I think there may be something to it, even though I am not competent to make any authoritative judgement on the matter. Whoever is competent can consider it as an invitation to consider this hypothesis. Alternatively, the metaphor was not directly referring to the trunks but rather to the logs or log-like big chunks of timber, that would account for the upadana-fuel metaphor. In the banyan metaphor case, upadana is a bit more of a puzzle.


I don’t think that many people apart from Ven. Sujato have any connotations in mind when hearing the word ‘aggregate’ apart from something along the lines of ‘boring, scholarly, what is that thing?’ :slight_smile: Most of the time, the ‘aggregates’ do not appear in non-Dhamma contexts in our everyday life. This is why most newcomers to the Buddhism are fairly uncomfortable with it. They can even know what it means but the sheer irrelevance of the word for their previous experience makes it look as awkward and misplaced as a camel in Antarctica. People who are comfortable with the word are usually experienced Buddhists who learned to use the word by developing their own connotations and mental pictures. When they say they find ‘bundle’ no more informative, it can be because for them ‘aggregates’ have become more informative. If the Buddha wanted to use a word that doesn’t have any connotations connected with the everyday life, I think he could use more neutral terms like ‘sannipata’: this word closely corresponds with the Latin root words like ‘aggregate’ or ‘assemblage’ and, moreover, denotates something inherently composite.

Since we are discssing a possibilty, that compositeness was not inherent in the use of ‘khadhas’, ‘heaps’ and ‘bundles’ and other word having the element of compositeness in their denotation won’t do. Can we translate 'khandhas’as ‘trunks’? That is certainly more informative than ‘aggregates’ but I have lived my entire life in the regions of the world where there are no banyan trees, just as so many other speakers of English. For me, the word ‘trunk’ is still not very illustrative of the idea behind khandhas.

One could use the word ‘bodies’ but it would mess just two much with other doctrinal terms and besides has related words like ‘embodiment’, i.e. is a bit too avatar-like (in the Hindu sense of the word) for my taste. I like the word ‘heads’ better because Cerberus and three-headed beings quite frequently come up in the Western mythology and folk traditions and are more readily understandable for a Westerner. The major issue with ‘heads’ is that there aren’t any _five-_headed beings I know of.

An interesting variant, if consider the banyan metaphor, would be ‘fingers’. It is a bit problematic because it also evokes an image of a ‘hand’, and there is no hand (maybe ignorance or craving?) and it doesn’t rhyme well with upadana.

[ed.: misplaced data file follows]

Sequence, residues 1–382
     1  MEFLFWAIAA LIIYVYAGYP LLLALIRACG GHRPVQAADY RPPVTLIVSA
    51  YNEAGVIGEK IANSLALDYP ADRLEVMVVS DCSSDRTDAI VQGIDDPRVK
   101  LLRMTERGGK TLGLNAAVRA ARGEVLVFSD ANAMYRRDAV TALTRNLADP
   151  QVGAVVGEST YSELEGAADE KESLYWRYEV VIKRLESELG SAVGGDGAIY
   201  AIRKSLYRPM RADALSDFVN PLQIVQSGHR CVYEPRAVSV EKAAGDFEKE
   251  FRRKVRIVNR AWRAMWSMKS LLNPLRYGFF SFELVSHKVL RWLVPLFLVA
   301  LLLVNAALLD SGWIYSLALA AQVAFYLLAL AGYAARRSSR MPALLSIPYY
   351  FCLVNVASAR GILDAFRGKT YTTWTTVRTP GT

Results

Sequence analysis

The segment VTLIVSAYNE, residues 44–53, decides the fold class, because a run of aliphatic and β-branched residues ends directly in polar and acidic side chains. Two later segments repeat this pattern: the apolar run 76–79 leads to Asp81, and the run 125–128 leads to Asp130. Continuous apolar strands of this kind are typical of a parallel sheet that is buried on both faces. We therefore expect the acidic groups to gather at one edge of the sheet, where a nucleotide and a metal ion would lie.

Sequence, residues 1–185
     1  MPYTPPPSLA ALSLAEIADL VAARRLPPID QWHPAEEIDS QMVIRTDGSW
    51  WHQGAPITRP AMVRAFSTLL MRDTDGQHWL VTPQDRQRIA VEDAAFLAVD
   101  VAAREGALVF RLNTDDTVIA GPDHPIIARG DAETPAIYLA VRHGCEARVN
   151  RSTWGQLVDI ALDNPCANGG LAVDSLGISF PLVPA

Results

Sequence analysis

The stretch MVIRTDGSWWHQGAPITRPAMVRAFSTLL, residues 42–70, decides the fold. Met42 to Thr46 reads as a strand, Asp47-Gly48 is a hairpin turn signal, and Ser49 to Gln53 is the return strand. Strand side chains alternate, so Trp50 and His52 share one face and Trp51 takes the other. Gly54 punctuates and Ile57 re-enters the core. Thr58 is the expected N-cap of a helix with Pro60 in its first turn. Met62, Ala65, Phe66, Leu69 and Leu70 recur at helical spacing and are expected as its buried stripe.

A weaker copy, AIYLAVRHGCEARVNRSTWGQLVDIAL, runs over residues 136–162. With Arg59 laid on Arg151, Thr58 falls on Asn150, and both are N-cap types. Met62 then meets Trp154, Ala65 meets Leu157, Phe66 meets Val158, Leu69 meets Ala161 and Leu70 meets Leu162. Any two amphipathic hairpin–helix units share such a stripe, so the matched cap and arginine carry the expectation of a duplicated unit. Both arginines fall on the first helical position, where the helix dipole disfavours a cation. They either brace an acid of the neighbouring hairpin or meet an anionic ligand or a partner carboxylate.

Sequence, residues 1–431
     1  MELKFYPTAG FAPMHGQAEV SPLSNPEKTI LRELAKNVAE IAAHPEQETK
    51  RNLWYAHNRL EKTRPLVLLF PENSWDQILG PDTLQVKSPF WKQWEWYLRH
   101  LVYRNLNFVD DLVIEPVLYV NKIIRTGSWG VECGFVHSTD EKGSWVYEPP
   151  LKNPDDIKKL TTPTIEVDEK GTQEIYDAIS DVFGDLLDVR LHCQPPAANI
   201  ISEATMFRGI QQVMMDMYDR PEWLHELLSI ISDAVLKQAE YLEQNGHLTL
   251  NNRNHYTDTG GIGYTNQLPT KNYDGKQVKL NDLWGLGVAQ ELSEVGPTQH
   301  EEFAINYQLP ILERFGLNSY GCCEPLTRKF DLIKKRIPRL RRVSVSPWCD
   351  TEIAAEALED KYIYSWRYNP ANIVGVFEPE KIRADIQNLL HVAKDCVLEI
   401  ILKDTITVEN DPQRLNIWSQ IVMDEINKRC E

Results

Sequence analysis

To conclude,

  1. What do you think about the multi-trunk metaphor?

  2. What do you think about the metaphorical opposition ‘solidness-compositeness’ that is reversed in the current translations of khandha?

  3. How would you satisfyingly translated ‘khandha’ into English within the banyan framework? It’s not necessary that you think this framework is correct, you can regard it as an exercise in translation: even I am agnostic about its status.

Upd.: This may be even more subjective, but to me the English words ‘bulk’, ‘mass’, ‘trunk’, ‘torso’ that are associated with ‘khandha’ have a slight connotation of something overbearing, looming large, that also kind of gets lost in translation. Still, as I said, it is highly subjective and may not be true for the Ancient Indic perception of these words.


I think this is very interesting, and I will be keeping an open mind. Just one thing to add: the metaphor of the “hand” is, I think, very important. The fundamental term—found much more commonly than plain old khandha—is upādānakkhandha or even pañcūpādānakkhandha, “grasping khandha” or "five grasping khandhas. These words are tightly linked with the notion of “hand”: note that pañca “five” is not only obviously related to penta, etc., but also to “punch”. The hand is the basic metaphor for the number five.


The banyan tree metaphor was very helpful. But then I thought - why the banyan tree? every tree branches out into ‘fingers’. So why not ‘branch’ as the main translation? It could well have been the literal meaning anyway.
Monier Williams: skandha = the stem or trunk of a tree (especially that part of the stem where the branches begin)

1 Like

Perhaps we should look at it from this angle: form, feeling, perception, volition and conciousness are not the branches or fingers or heads but each one of them is a trunk or something that unites all the phenomena in the group - all the different forms are branches emanating from the form trunk etc. That would mean we could lose the banyan tree metaphor and think of it in terms of any old tree(s)…